I have a doubt about a procedure that I see many photographers continuously apply and they taught me. I see that, when they want to take a picture with their reflex, they do this sequence of steps:

1) point the subject so that it is in the center of the frame (since they keep the center of focus at the center of the view).

2) move the reflex in order to put the subject on one side (in order to apply the rule of thirds). They often call this step "composition".

3) take the picture.

Steps 1) and 2) allow them to focus the subject and to put it in the "correct" third without moving the focus center from the center of the view (which would be a slow operation).

My question is about the focus: how can the reflex keep the focus on the subject if they move it? I do not understand how this is physically possible.

  • 1
    \$\begingroup\$ Possible duplicate of Is recomposing ideal rather than changing focus point? \$\endgroup\$
    – mattdm
    Sep 16, 2019 at 6:40
  • \$\begingroup\$ "how can the reflex keep the focus on the subject if they move it?" – Depth of Field \$\endgroup\$
    – xiota
    Sep 16, 2019 at 6:53
  • \$\begingroup\$ So is the reason that the distance between the subject and the reflex the same of before (since the photographer does only a lateral shift)? \$\endgroup\$
    – Kinka-Byo
    Sep 16, 2019 at 6:56
  • \$\begingroup\$ @Kinka-Byo yes, when doing this you are expecting that the distance doesn't change significantly. With modern cameras you can also set the AF to focus on something on the side, so you can also frame first and the camera will focus correctly on your subject, but the side AF sensors can be less accurate than the center one. \$\endgroup\$
    – xenoid
    Sep 16, 2019 at 7:32

2 Answers 2


What you describe is often called the "focus and recompose" technique. It was first used back in the days of manual focus with a single focusing aid, usually a split prism, in the center of the camera's viewfinder.

Autofocus systems focus the lens at a specific distance from the camera, not at a set of coordinates in Cartesian space. As long as the distance from the camera to the subject is the same when the camera was pointed directly at it as it is when the camera is moved to reframe the subject, then the subject will still be in focus.

One thing to keep in mind is that when panning the camera to change the composition, the camera should be rotated around the optical center of the lens, also known as the "no parallax point" and sometimes incorrectly referred to as the "nodal point."

Most folks who aren't actively thinking about it tend to rotate the camera around the center of their own body, rather than rotating their body around the optical center of the lens. This changes the optical distance between the camera and the subject. Sometimes the difference is less than the depth of field resulting from the selected aperture, focal length, shooting distance, and intended display size and the subject still appears to be in focus. With wider apertures and short subject distances, though, the depth of field is fairly shallow and it is often the case that the subject will no longer appear to be acceptably sharp when using the "focus and recompose" technique.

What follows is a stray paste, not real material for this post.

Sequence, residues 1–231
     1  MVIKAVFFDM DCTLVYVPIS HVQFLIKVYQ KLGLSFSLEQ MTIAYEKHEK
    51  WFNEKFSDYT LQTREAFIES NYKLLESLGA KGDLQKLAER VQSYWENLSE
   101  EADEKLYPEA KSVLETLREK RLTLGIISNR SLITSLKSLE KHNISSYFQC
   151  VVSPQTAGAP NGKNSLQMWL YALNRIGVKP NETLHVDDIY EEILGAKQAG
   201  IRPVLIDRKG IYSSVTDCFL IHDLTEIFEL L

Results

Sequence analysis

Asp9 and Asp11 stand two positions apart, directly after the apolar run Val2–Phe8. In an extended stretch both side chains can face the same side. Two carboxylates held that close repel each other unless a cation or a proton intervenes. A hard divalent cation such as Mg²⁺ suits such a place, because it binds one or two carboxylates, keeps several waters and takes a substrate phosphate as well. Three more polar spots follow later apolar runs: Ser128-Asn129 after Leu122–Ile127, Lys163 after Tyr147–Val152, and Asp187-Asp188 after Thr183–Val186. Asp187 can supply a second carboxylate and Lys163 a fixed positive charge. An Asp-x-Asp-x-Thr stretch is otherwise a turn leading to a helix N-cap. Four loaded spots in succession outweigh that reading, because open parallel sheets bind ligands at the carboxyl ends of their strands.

Related: What is the advantage of a lens with a curved focal plane?

  • \$\begingroup\$ Thank you for your answer. When you speak about no parallax point, is the correct movement this one? blog.cupix.com/wp-content/uploads/sites/2/2018/04/… \$\endgroup\$
    – Kinka-Byo
    Sep 16, 2019 at 15:11
  • \$\begingroup\$ @Kinka-Byo Crudely speaking, yes. It varies from one lens design to the next exactly where it is. The no-parallax point can even be in front of the lens for telephoto designs, and well back in the lens for wide angle lenses with retrofocus designs. \$\endgroup\$
    – Michael C
    Sep 16, 2019 at 20:32

What is missing in your recipe is 2a) half-press the shutter button or use a focus lock button in order to fix what the autofocus comes up with, or focus manually.

That is what lets the camera retain the achieved focus.

It is worth noting that this stops working if the depth of focus is too shallow and/or the focal length makes for a rather wide angle. The reason is that there is a focusing plane (rather than a focusing sphere) in parallel with the sensor plane, so when you focus on an object in the middle of the frame and then move that object to the side of the frame, your focus falls short.

As an extreme example, if the focus in the middle of the frame is at 4m distance at 18mm effective focal length, the in-focus distance at the side of the frame is at almost 6m.

So particularly when working with shallow depth of focus, the abilities of newer cameras to focus to locations other than the center of the screen may be preferable to the focus-reframe-shoot recipe.

  • \$\begingroup\$ Relying on the half-press locking focus can end you in very puzzling trouble if combined with burst mode, at least with some cameras. \$\endgroup\$ Sep 16, 2019 at 18:01
  • \$\begingroup\$ @rackandboneman Most cameras can be configured to lock focus over multiple frames. One does need to read the manual and change default settings, though. \$\endgroup\$
    – Michael C
    Sep 16, 2019 at 20:33
  • \$\begingroup\$ See my questions on D200 ... which, while older, has more complex AF options than most DSLRs ... and as we found out, you really need to BBAF in some cases... \$\endgroup\$ Sep 16, 2019 at 22:18
  • \$\begingroup\$ @rackandboneman Which is one possible result of reading the manual and changing the default settings... \$\endgroup\$
    – Michael C
    Oct 7, 2019 at 21:32

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